May 24, 2013
Today was such a beautiful day that jeddy1989 and I decided to take our excursion a little farther afield than usual and visited Cape Spear National Historic Site, the Town of Petty Harbour-Maddox Cove, and the General Protestant Cemetery in the West End of old St. John's.
A few weeks after the tourists started arriving, Parks Canada has finally opened up its historic sites so this weekend is the first that they've really been able to get into the historic buildings instead of just looking around them. That drew considerable crowds out to Cape Spear and other historic sites throughout the city.
A song to set the mood...
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She's bordered by inlets, tickles and sounds
By reaches, by coves and by bays
She soothes your vision as you sail 'round her shores
With her mixture of green, brown and grey
And the houses lie scattered among the rocks in the cove
Trimmed with orange, green, yellow and blue
In Twillingate, Fogo, Little Heart's East
Fortune, Trout River, Fermeuse
She's been tortured for centuries, her stories untold
She struggled with fortunes unknown
Laid bare by the glaciers that scraped her to the bone
Taking soil to make Grand Bank shoals
She's been battered for eons by the cold, biting winds
Chewing rocks into soft beaches of sand
And carving her face, giving us a place
That we now call Newfoundland
The ocean surrounds her, it gives and it takes
Like shepherd, lion and lamb
The pounding and grinding are a constant reminding
Of the forces that follow our town
From the fury of a blizzard on a cold, winter's night
To the quiet of a warm, summer's day
All hardships forgotten, old debts all repaid
With a day on a quiet, peaceful bay
She's a rocky isle in the ocean
And she's pounded by wind from the sea
You might think that she's rugged and cold
But she's home, sweet home, to me
1. The Edge of the Earth - Cape Spear
Leaving St. John's up the switchback road that climbs out of downtown to Cape Spear.
TOURISTS! WELCOME! One of my favourite things in the world to do is trail behind tourists, close enough to eavesdrop on their conversations. It's usually flattering. "How does anyone work here? Can you imagine trying to work in some office with this on your doorstep?"
Generally those who lounge around are locals. Jeddy and I soon joined them, and spent a good 30 minutes sunbathing on the rocks. It was quite windy, but the breeze was warm. An amazing day - easily the best of our year thus far.
Helicopters are used to transport workers to and from the offshore oil rigs fueling our economic boom. Several years ago, one crashed - killing more than a dozen and leaving just one, single survivor. The entire city shut down with grief. It was the most impactful event since our wildly popular former Premier, Danny Williams, announced his resignation. He famously had approval ratings "Middle Eastern dictators wouldn't dare fake" - people cried in the streets. No joke.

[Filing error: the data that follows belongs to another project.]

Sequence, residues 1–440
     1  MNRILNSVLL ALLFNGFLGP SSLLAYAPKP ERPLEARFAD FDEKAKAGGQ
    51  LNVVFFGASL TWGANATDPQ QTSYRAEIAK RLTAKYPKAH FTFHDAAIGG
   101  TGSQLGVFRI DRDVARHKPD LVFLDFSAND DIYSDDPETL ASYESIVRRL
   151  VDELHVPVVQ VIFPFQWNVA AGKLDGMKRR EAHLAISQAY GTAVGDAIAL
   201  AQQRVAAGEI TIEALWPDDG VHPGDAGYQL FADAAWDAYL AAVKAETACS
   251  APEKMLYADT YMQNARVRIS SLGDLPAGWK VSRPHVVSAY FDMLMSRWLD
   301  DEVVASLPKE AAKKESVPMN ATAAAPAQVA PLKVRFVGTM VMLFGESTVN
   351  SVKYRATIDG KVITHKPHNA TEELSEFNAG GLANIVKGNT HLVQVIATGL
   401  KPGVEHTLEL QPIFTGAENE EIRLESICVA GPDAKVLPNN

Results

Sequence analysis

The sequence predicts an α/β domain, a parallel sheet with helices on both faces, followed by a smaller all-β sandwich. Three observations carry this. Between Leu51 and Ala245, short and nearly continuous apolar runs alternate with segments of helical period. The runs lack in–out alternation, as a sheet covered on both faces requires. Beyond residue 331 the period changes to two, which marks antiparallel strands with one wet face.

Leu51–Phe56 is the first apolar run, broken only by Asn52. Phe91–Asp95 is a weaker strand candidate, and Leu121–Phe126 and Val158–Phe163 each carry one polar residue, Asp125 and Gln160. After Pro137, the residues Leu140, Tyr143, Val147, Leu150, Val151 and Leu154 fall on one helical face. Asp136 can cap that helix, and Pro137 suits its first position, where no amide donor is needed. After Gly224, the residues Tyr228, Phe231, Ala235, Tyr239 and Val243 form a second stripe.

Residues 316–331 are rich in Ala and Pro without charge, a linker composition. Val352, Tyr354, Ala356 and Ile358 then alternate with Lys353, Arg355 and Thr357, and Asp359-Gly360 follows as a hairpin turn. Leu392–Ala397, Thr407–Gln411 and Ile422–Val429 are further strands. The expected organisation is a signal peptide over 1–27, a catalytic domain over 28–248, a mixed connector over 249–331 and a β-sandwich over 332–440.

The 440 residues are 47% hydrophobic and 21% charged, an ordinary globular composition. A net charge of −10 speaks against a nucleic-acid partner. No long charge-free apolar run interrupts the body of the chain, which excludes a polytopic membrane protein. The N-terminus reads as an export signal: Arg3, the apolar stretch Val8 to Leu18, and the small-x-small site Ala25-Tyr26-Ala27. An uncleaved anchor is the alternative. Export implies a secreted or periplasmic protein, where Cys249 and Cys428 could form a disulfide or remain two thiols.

2. The little town that could
The town of Petty Harbour-Maddox Cove is part of the St. John's Metro. It's a thriving little fishing community, boasting many of the most popular tour boats as well as zip-lining, an aquatic petting zoo, and more.
There is something a flag war going on in Newfoundland. We only joined Canada in 1949 following a referendum in which just 51% voted to do so. Half the country was in mourning - and, in many ways, still is. The separatist flag of my avatar is commonly seen throughout St. John's. In more rural areas, the Canadian flag dominates. Petty Harbour is split pretty evenly between the Canadian and Union flags (our official flag prior to joining Canada) - but there sure are a lot of them. There are dozens of flags flying in the small community.
Even people who couldn't care less are aware enough about what's going on to notice when a flag is changed.
3. What you are now, we once were. What we are now, you shall be
The General Protestant Cemetery is one of the largest and older cemeteries in St. John's. It's also always been one of the most inclusive.
Roman Catholics and Anglicans always had and strictly enforced their own separate cemeteries - but remaining Protestant denominations pooled together to bury their dead.
What's more, they welcomed anyone. In this cemetery you can find the graves of Muslims, Jews, Taoists, Buddhists - and even the brave few Catholic women who dared marry outside their faith.
Many of the wealthiest families, such as the Bond family (which includes a former Prime Minister of Newfoundland, as you can read) have large family tombs or collective plots.
The cemeteries are likewise not immune from the war of flags.
And they're certainly not immune to war. July 1 is Canada Day, Canada's version of America's Independence Day. In Newfoundland, it's also our Memorial Day. It's when we have military and police parades, visit our National War Memorial, lay wreaths, wear poppies, and pay homage to the fallen at statues, memorials, and battlegrounds throughout the city.
And, yes, we still sing our former national anthem.
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July 1 is the anniversary of Beaumont Hamel, when virtually the entirety of the renowned Royal Newfoundland Regiment was wiped out in Europe. The graves of those killed in the battle, and the few who survived it, are buried in poppies by passers-by on July 1.
The Taylor family sacrificed a lot for King and Empire. You can see the top son died on July 1, at Beaumont Hamel.
Some of the city's first non-European immigrants still have descendants living here today. You can tell which because their tombstones are replaced as they age.